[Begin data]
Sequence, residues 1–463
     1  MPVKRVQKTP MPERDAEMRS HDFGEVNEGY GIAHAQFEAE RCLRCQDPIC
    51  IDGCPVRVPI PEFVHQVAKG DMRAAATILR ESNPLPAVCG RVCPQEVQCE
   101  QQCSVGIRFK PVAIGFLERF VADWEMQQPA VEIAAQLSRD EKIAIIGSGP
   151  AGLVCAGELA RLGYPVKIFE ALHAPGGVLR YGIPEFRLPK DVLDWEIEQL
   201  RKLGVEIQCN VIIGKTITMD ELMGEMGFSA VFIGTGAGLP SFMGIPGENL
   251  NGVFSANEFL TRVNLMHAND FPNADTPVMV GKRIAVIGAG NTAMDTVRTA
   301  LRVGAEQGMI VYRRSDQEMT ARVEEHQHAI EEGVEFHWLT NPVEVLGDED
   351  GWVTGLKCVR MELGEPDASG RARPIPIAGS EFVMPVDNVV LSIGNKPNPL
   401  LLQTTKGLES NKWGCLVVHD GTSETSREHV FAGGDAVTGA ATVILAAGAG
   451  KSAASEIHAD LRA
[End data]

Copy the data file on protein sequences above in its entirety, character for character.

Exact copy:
Sequence, residues 1–463
     1  MPVKRVQKTP MPERDAEMRS HDFGEVNEGY GIAHAQFEAE RCLRCQDPIC
    51  IDGCPVRVPI PEFVHQVAKG DMRAAATILR ESNPLPAVCG RVCPQEVQCE
   101  QQCSVGIRFK PVAIGFLERF VADWEMQQPA VEIAAQLSRD EKIAIIGSGP
   151  AGLVCAGELA RLGYPVKIFE ALHAPGGVLR YGIPEFRLPK DVLDWEIEQL
   201  RKLGVEIQCN VIIGKTITMD ELMGEMGFSA VFIGTGAGLP SFMGIPGENL
   251  NGVFSANEFL TRVNLMHAND FPNADTPVMV GKRIAVIGAG NTAMDTVRTA
   301  LRVGAEQGMI VYRRSDQEMT ARVEEHQHAI EEGVEFHWLT NPVEVLGDED
   351  GWVTGLKCVR MELGEPDASG RARPIPIAGS EFVMPVDNVV LSIGNKPNPL
   401  LLQTTKGLES NKWGCLVVHD GTSETSREHV FAGGDAVTGA ATVILAAGAG
   451  KSAASEIHAD LRA